PBS Seeks Space For Education on Electronic Networks
Officials of the Public Broadcasting Service hope to persuade Congress to require the companies developing the advanced telecommunications networks that constitute the national "information highway'' to reserve space on their systems for educational programming.
America's Public Television Stations, PBS's lobbying arm, has drafted a measure that would require the Federal Communications Commission to reserve as much as 20 percent of the electronic networks' capacity for the exclusive use of providers of education programs, without charge.
As envisioned by the lobbying group, the measure would designate public-television and -radio stations, PBS, National Public Radio, state and local governments, and some educational institutions as eligible to use the "educational right of way.''
A.P.T.S. officials testified last month before the House Subcommittee on Telecommunications and Finance in support of the set-aside provisions.
Markey Bill Eyed
Although they may still ask a lawmaker to introduce the proposal as a free-standing bill, the organization is negotiating with aides in the office of Rep. Edward J. Markey, D-Mass., to include them in pending telecommunications legislation.
Mr. Markey is the primary sponsor of HR 3636, a comprehensive measure that would set regulatory parameters for developing a national telecommunciations infrastructure.
"The Markey bill is the fastest-moving [telecommunications] vehicle on [Capitol] Hill,'' one A.P.T.S. official said.
Marilyn Mohrman-Gillis, an A.P.T.S. lawyer, pointed out that the Markey bill already includes some less stringent public-access provisions.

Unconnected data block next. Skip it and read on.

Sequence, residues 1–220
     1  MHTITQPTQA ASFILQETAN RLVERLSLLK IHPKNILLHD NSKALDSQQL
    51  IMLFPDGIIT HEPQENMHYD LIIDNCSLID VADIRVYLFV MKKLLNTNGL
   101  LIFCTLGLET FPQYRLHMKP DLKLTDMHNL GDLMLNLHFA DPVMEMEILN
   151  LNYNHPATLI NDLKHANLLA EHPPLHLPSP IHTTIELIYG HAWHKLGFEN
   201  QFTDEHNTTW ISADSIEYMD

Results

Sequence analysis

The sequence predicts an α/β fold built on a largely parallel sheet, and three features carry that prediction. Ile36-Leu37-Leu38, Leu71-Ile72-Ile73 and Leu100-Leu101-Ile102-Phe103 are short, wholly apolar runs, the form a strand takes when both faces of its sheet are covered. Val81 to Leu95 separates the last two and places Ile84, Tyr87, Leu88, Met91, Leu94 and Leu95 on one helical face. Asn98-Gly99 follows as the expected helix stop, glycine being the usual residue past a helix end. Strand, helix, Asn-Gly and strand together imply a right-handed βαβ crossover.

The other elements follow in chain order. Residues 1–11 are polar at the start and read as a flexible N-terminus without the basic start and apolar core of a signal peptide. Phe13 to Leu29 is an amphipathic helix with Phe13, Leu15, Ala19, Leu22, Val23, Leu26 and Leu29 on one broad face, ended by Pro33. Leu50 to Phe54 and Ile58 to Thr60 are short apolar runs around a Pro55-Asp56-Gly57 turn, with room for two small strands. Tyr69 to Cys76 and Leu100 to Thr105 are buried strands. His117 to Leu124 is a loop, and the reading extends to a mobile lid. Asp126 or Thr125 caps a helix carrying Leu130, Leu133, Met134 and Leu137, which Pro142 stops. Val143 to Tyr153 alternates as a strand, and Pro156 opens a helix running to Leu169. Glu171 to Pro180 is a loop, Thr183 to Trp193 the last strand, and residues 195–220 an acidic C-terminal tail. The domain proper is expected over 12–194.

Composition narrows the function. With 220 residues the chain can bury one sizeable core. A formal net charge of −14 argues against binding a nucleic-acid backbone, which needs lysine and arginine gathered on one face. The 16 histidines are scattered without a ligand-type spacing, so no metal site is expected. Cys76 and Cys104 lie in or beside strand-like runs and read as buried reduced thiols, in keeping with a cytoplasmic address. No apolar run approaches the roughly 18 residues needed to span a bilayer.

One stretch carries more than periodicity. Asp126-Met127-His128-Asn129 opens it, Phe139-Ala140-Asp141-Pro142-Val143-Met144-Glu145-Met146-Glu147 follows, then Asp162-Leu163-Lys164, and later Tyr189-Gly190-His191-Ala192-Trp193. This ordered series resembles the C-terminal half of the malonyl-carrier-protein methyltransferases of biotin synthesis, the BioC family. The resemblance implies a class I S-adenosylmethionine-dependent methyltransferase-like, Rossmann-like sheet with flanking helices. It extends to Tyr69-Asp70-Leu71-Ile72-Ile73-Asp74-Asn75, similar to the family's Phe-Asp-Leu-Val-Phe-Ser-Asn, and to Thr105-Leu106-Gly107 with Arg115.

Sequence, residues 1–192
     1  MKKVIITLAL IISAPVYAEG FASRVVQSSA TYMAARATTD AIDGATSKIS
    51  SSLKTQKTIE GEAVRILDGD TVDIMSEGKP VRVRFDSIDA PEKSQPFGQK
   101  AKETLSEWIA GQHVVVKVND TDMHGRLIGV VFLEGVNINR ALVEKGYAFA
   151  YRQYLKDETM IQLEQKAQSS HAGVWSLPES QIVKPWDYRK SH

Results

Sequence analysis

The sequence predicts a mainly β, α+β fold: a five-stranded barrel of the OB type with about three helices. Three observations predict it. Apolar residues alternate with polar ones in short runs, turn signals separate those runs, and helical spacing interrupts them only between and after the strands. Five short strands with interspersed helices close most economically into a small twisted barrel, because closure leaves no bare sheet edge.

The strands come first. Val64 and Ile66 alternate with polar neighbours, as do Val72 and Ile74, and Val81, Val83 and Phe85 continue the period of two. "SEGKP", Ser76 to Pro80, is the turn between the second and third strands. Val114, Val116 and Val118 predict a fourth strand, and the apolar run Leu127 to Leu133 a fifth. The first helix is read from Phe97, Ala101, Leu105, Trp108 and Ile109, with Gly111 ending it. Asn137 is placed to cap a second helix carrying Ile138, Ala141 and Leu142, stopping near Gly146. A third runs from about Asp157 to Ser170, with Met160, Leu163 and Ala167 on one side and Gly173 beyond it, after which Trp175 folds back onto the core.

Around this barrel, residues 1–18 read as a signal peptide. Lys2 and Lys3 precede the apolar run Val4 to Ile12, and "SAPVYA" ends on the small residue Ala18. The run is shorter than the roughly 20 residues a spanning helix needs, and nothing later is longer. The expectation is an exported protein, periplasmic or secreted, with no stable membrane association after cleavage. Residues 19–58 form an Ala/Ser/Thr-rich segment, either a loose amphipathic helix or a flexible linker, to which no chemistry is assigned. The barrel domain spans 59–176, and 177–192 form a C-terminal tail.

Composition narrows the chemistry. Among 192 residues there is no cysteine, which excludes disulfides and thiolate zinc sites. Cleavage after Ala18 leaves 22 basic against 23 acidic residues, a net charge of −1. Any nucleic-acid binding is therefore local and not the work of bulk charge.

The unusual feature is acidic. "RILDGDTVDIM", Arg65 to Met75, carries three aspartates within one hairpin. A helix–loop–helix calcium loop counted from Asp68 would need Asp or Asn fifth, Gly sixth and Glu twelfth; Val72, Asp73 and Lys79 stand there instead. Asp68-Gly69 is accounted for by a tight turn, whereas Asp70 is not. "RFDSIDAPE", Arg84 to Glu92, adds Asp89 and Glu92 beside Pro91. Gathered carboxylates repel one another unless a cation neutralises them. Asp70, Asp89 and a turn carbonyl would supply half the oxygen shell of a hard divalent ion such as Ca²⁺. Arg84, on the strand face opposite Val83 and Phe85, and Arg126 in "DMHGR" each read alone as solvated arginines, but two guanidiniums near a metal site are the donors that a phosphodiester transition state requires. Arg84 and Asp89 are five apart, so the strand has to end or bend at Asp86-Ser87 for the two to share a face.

The bill would require the F.C.C. to "reserve the appropriate capacity for the public at preferential rates on cable systems and video platforms.''
But Ms. Mohrman-Gillis noted that those provisions do not guarantee free educational access.
"They are certainly not as comprehensive'' as the language drafted by the public broadcasters' group, she added. "It doesn't necessarily apply to all video distribution systems,'' Ms. Mohrman-Gillis explained. "And it doesn't have the flexibility to apply to future technologies in the way our bill did.''
The issue of educational set-asides on the information highway was emphasized last year at a national forum on PBS's role in the evolving national information infrastructure.
At the conference, held in Austin, Tex., last November, officials complained that Congress and federal regulatory agencies have largely ignored potential educational uses of high-speed data networks even as they have decided to relax some regulations to encourage private companies to build the systems. (See Education Week, Nov. 17, 1993.)
Many telecommunications firms, meawnhile, have announced plans for connecting schools to their electronic networks. (See Education Week, March 2, 1994.)
Critics cautioned at the PBS conference that unless educational set-asides are established in federal law, providers of educational services would be at the mercy of the profit-making companies that are building the digital networks, who could set unreasonable tariffs for the use of their services.
Some even went so far as to advocate the establishment of a separate "Corporation for Public Telecommunications,'' similar to the existing Corporation for Public Broadcasting, that would oversee educational access to fiber-optic, satellite-based, and other developing communications networks.